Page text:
SEATTLE — Soft power can be defined as the use of economic or cultural incentives to influence international relations, as opposed to the more coercive hard power. Speaking about Chinese soft power, many organizations are making fighting poverty a key part of their development goals. One of the most prominent international organizations in this field is the multilateral Asian Infrastructure Investment Bank (AIIB), which is financed by multiple countries to invest in global, regional and local projects. Jan. 16, 2017 was the one-year anniversary of AIIB.
Seen as a part of a rising Chinese soft power presence, AIIB invests in vital regional infrastructure, and in 2015, the president of the World Bank stated an interest in collaborating with the AIIB. The first AIIB project was an electrification project in rural Bangladesh. The Distribution System Upgrade and Expansion project provided $165 million to connect 2.5 million properties to electricity and upgrade substations and power lines in North Dhaka, impacting 12.5 million people. It is set for completion in 2019.
With an investor country membership of 57, including four of the five permanent members of the United Nations Security Council, the AIIB is seen by the U.S. as part development bank, part Chinese soft power venture used to spread influence. China is the principal member of AIIB, and the U.S. is not involved at all. The AIIB has so far funded more than $1 billion to infrastructure projects in Oman, Myanmar, Pakistan, Bangladesh, Tajikistan and Indonesia, and has a capital base of $160 billion.
The bank has neither the capital base nor the reach of its older regional sibling, the Asian Development Bank (ADB), of which the U.S. and Japan are principal donors. China is also a long-time recipient of ADB projects. Comparably, the AIIB has half the capital base of the ADB, a smaller number of members and no U.S. funding. As of 2015, the U.S. had a 15.5 percent stake in the ADB, just behind Japan’s 15.6 percent, though Japan has contributed about $12 billion more to the ADB than the U.S.
The breakdown of democratic power in the AIIB, as with many development organizations, is largely based on capital input. China funds 33.4 percent of the budget and so has 28.8 percent of total voting power. Comparatively, all non-Asian region countries make up 21.5 percent of total investment and 23.3 percent of voting power. China has by far the most votes in the AIIB, with India and Russia coming in with 8.3 percent and 6.6 percent respectively. Outside of the Asian regional donors, Germany, France, and the United Kingdom each have 4.6 percent, 3.5 percent and 3.2 percent of total voting power. China still has a power of veto, though the institution’s president told the China Daily newspaper that China would not use this power.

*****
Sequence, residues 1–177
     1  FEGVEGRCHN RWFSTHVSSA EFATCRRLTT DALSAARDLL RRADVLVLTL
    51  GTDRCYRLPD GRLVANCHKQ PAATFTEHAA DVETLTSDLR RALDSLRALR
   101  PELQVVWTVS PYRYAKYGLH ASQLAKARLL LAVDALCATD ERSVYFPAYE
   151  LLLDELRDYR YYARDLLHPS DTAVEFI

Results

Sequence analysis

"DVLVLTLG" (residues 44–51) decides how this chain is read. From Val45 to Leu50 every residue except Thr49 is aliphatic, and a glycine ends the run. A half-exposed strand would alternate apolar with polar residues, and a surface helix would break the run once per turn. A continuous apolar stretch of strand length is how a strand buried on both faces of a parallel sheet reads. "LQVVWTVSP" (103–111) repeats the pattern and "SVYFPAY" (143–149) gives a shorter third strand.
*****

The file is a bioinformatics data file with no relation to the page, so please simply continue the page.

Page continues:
The concern over China’s control of the institution is directly related to the types of projects it would be funding, and any reasoning it would have for denying funding to a particular country. For example, if China wanted to force Vietnam’s hand concerning the South China Sea territorial dispute, it could threaten to withhold funding for a project in Vietnam. In addition, the specific types of projects could largely benefit China rather than the host country. These concerns are valid for any development organization. The International Monetary Fund, for example, is often viewed as an extension of U.S. soft power, and there is a critique that IMF funding can actually hurt the recipient countries to the benefit of the donors.
When the United Kingdom joined the AIIB as a founding member in 2015, the U.S. government released a statement urging the U.K. to “use its voice to push for adoption of high standards at the AIIB.” This statement shows a perceived dynamic of a hegemonic power and its allies versus a rising power. It is important that the AIIB be a stakeholder-focused development institution, and the U.S. concerns, at face value, shouldn’t be discounted. The fact that Chinese president Xi Jinping spoke at the stakeholder-focused 2017 World Economic Forum gives hope for the authenticity of China’s intentions with the AIIB. The U.S. statement, by pointing out the need for high standards, seemed to paint the AIIB as an extension of Chinese soft power rather than a heartfelt initiative to fight global poverty.
From a realist perspective of power, the U.S. is right to be skeptical about the rise of China on the international stage. But if the U.S. is unwilling to share power, particularly when it comes to investment in impoverished countries, it appears paranoid and insecure. Disengagement from international affairs does nothing to build understanding between the two powers, much less check the growth of Chinese soft power. Rather than participating in the AIIB in good faith, the U.S. has chosen to let China take the reins and is likely to continue to do so under a Trump administration dismissive of foreign aid. An editorial in the Japan Times notes that as a strategic principle of democratic institutions, the best way to direct how organizations function is to do so from the inside.
– Lucas Woodling